Migraine (also called a "sick headache") is a severe headache, which can last anywhere from two hours to two days. This headache is accompanied by disturbances of vision and/or nausea, extreme pain and vomiting.


Migraines affect over 23 million people, with roughly 75 percent of them being women. Migraines begin with the release of serotonin; a biochemical substance stored in the blood platelets produced naturally in the body. When serotonin is released, the blood vessels constrict (narrow). As serotonin is expelled by the kidneys, its level in the brain is depleted, causing the blood vessels to dilate (expand). This dilation causes pain in the surrounding nerves, which can lead to migraines. There are two predominant types of migraines - common migraine and classic migraine. The common migraine develops slowly and may be preceded by tiredness, cravings, yawning, depression, irritability and anxiousness. The common migraine usually occurs on one side of the head. The classic migraine develops in four stages - prodrome, aura, headache and postheadache. During the prodrome stage, the person may feel fatigued, irritable, have decreased concentration or experience depression. This stage will develop about 24 hours prior to the aura stage. The aura stage is a slowly expanding area of blindness surrounded by a sparkling edge that increases to involve up to one half of the field of vision of each eye. In addition to the aura, the migraine sufferer may see flashing lights, colors or zig-zags of light, experience a prickly or burning sensation and/or muscle weakness on one side of the body. The third stage is the headache itself, which is usually a severe throbbing pain on one side of the head that is often exaggerated by bright light or noise and may be accompanied by nausea and vomiting. The fourth stage is postheadache, which is characterized by exhaustion and fatigue. The classic migraine may occur on one or both sides of the head. The other types of migraines are: hemiplegic migraine, which involves muscle weakness or partial paralysis lasting less than an hour; ophthalmoplegic migraine, which involves temporary eye inconveniences, such as droopy eyelid and pupillary changes, lasting from several days to weeks; basilar artery migraine, which involves neurological spasm lasting for about six to eight hours; and status migraine; which involves a severe migraine attack, lasting longer than 24 hours.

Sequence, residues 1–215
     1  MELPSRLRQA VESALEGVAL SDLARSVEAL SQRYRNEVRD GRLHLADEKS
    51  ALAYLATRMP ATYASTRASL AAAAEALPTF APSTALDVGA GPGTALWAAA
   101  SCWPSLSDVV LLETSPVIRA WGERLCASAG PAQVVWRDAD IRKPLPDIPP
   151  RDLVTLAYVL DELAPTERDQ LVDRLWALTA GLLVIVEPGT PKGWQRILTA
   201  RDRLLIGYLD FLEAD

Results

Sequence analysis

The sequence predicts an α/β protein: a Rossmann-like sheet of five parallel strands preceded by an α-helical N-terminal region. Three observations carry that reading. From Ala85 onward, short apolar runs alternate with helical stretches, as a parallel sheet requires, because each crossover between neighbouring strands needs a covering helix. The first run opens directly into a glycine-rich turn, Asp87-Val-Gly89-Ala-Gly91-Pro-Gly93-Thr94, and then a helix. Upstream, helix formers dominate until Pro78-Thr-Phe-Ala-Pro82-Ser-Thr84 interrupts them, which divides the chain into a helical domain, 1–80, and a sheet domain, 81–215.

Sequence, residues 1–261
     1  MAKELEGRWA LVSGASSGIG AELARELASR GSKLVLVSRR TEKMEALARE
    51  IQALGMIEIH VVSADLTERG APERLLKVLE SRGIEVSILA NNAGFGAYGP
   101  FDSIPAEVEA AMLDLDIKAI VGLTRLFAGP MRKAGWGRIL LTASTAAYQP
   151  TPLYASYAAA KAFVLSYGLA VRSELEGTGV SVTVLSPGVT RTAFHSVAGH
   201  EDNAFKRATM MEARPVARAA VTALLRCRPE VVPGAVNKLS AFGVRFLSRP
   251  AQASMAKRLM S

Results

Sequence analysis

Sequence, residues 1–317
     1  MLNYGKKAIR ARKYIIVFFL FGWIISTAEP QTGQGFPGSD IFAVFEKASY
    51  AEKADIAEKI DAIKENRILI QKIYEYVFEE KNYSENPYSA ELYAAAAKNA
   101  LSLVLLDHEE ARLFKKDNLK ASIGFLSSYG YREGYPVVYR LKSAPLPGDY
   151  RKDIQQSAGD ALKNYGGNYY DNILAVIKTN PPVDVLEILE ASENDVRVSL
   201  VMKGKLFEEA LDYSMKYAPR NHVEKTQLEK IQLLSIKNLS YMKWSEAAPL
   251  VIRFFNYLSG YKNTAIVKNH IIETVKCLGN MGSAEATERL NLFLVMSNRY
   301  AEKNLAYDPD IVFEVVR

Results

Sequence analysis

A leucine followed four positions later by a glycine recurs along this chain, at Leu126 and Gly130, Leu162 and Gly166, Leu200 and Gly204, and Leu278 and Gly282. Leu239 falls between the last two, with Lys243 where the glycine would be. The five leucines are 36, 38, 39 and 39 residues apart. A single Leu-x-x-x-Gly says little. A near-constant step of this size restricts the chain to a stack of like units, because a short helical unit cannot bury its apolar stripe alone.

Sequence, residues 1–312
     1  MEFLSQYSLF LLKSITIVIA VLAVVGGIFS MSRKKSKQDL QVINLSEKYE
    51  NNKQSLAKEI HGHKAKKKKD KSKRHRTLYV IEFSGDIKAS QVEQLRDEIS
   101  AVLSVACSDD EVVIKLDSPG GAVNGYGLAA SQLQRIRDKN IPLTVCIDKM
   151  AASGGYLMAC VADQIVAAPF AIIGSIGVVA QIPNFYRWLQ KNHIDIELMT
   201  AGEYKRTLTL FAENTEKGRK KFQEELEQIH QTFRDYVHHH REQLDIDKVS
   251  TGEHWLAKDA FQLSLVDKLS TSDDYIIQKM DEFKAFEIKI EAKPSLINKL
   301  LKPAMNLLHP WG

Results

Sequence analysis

Serotonin release, resulting in a migraine, can be triggered by a number of factors. These factors can be stress-related (such as anger, depression, shock, excitement or changes in routine), food-related (such as chocolate, cheese, red wine or fried foods), or sensory-related (such as bright lights, strong odors or loud noises). Additionally, migraines can be medication-related (medicines including nitroglycerin, lithium and certain anti-hypertensive, anti-inflammatory and bronchodilating drugs), or hormone-related (such as menstrual periods, hormonal treatments or birth control pills). Patients often have a family history of migraine.